“The first tentative signs of addressing tax evasion came in 2005-06 with the first EU directive on saving products,” said Bernard Lhoest, a former banking leader at the consultancy EY, now retired, in Delano’s office on 28 July 2023. He explained that Luxembourg and Austria managed to convince their partners that “they could not exchange financial information.”
Three topics became pressing: “more regulations, more transparency and more governance.”
“Two options were retained,” noted Lhoest. Either European countries started exchanging financial information, “an option elected by France, Germany and the UK, or they applied an anonymous withholding tax.” Luxembourg chose the latter.
“The first serious impulse on greater transparency occurred in 2009 at the G-20 in London,” said Camille Seillès, secretary general at the Luxembourg Bankers’ Association (ABBL) to Delano in Kirchberg on 26 July 2023. Coming out of the great financial crisis, heavily indebted governments agreed to “reach out to the non-declared assets hidden in some countries.”
Three topics became pressing: “more regulations, more transparency and more governance,” said Lhoest.
“With more than 15,000 EU civil servants, Luxembourg could hardly say ‘no’ forever to large countries,” said Lhoest. Moreover, Luxembourg had just elected a new government with limited experience in 2013 and therefore had a relatively weak political position.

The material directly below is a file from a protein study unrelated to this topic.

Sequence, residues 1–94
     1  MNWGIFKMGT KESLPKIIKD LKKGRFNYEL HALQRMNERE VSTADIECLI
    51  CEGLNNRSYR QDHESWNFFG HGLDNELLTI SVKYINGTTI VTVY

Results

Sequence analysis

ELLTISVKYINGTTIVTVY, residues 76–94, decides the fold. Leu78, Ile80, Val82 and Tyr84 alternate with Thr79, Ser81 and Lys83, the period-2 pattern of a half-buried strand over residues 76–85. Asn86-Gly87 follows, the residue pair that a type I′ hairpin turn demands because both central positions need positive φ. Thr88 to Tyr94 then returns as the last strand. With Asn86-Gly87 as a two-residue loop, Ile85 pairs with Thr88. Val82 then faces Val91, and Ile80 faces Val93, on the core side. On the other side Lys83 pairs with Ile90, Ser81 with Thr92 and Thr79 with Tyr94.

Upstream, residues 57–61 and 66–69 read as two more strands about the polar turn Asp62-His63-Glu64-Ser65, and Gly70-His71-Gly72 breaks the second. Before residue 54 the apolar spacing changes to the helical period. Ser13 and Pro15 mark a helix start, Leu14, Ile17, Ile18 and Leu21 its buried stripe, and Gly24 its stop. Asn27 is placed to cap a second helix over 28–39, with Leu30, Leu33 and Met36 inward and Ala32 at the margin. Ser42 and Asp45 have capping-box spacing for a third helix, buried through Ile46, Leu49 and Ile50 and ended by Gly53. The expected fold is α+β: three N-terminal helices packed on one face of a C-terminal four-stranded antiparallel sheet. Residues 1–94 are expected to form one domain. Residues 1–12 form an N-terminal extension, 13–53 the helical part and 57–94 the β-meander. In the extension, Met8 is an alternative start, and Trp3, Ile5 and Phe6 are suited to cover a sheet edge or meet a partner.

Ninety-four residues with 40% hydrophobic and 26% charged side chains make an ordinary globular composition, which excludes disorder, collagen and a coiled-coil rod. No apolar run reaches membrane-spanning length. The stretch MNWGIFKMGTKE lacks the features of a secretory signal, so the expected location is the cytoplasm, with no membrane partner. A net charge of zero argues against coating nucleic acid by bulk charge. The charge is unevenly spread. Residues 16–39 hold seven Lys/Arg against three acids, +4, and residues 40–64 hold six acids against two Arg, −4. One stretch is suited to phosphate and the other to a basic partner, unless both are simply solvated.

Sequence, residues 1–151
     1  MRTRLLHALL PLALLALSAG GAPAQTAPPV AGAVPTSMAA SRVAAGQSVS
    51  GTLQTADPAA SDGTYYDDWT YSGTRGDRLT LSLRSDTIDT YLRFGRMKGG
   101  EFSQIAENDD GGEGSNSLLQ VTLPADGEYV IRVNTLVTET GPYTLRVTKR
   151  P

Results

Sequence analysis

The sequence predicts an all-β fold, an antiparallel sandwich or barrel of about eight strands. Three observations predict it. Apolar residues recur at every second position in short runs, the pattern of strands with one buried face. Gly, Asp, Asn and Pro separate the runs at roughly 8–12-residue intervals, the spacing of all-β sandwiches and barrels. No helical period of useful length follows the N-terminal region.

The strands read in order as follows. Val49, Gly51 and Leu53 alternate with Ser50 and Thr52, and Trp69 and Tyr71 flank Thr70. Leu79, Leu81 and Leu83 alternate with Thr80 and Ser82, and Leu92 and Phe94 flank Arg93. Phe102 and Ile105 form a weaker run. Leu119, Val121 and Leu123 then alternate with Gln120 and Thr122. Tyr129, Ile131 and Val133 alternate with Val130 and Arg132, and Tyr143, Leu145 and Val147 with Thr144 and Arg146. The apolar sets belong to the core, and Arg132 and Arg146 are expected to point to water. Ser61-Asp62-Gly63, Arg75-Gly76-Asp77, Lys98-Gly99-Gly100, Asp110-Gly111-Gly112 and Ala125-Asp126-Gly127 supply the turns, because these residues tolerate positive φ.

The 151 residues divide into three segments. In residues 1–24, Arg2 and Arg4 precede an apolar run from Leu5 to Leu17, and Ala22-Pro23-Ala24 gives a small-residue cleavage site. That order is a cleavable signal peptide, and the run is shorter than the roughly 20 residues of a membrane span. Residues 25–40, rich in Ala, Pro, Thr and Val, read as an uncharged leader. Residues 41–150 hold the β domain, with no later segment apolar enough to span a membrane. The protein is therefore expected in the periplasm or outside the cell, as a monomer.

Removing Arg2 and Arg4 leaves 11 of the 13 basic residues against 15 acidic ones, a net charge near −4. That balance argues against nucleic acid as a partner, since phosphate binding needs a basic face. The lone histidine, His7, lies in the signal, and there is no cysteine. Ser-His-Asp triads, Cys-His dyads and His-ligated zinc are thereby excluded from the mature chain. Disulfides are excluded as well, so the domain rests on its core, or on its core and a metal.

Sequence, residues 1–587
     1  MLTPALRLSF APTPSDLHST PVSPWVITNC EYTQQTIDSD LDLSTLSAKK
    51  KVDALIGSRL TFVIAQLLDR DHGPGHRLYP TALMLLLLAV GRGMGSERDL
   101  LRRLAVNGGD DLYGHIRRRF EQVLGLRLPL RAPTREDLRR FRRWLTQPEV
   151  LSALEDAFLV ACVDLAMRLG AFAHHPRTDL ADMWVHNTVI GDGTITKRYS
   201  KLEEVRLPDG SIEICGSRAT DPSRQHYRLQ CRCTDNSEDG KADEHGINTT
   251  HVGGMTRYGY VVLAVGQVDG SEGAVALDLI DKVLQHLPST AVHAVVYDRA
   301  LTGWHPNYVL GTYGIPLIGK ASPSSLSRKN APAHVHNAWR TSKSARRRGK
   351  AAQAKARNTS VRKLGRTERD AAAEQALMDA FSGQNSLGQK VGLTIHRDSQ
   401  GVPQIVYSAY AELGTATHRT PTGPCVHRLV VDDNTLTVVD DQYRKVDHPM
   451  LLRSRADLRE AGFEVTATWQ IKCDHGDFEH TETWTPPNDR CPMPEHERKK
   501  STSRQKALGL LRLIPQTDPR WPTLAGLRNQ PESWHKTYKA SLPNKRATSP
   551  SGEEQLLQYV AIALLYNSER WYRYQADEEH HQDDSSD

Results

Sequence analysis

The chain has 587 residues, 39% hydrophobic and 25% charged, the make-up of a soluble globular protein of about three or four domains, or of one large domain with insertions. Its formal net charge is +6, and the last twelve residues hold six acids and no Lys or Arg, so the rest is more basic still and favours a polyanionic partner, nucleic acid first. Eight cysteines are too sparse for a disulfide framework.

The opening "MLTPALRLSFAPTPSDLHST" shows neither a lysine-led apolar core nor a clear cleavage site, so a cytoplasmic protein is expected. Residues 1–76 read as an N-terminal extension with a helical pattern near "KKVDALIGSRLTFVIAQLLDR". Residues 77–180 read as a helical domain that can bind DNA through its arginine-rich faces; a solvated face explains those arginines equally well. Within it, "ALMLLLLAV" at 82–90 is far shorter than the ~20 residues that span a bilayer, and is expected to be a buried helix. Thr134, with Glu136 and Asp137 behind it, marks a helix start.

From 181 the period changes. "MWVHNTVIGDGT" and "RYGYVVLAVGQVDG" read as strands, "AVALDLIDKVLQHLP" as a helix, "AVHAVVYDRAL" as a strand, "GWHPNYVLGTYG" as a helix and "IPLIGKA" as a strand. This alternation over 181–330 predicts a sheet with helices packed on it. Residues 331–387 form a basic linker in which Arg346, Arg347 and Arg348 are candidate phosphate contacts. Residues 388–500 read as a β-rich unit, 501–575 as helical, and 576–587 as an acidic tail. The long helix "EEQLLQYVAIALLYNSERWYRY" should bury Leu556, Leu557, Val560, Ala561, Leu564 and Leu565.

Seillès explained that the initial steps of exchange of information--on demand-- started briefly after the global financial crisis and became increasingly generalised, including in Luxembourg and Switzerland. From the outset, the ABBL has been promoting the exchange of information “to ensure a fair competition between the financial participants and the financial centres.”
Two models on the menu
The process experienced an acceleration with the introduction of the foreign account tax compliance act, or Fatca, in the US. Two models were offered to states and financial institutions.
The model 2, or the Swiss model, required financial institutions to sign a convention with the US Internal Revenue Service, or IRS, under which the banks would deliver financial data directly to the IRS. This option, favoured by the Swiss, had “the benefits of not creating a precedent involving their state,” said Seillès.
The model 1, preferred by several European countries, required “governments to collect domestic financial data and automatically exchange them with other governments,” explained Seillès.
Pressure across countries and sectors for model 1
“A debate on models 1 or 2 took place in Luxembourg,” recalled Seillès. He noted that there was little appetite for the banks to interact with the IRS as the former risked violating Luxembourg banking secrecy.
The Luxembourg fund industry was in favour of model 1 as Dublin, a strong fund competitor, had already reached an agreement with the US based on model 1. Indeed, the fund industry in Luxembourg was not keen to interact directly with the IRS as Luxembourg banks and the funds based in Ireland were.
In the end, Luxembourg elected the model 1, “the most robust and recognised approach at the international level.” Seillès believes that Luxembourg took the right decision as the Swiss subsequently adopted the model 1 as well. Austria is the only remaining country under the model 2 regime.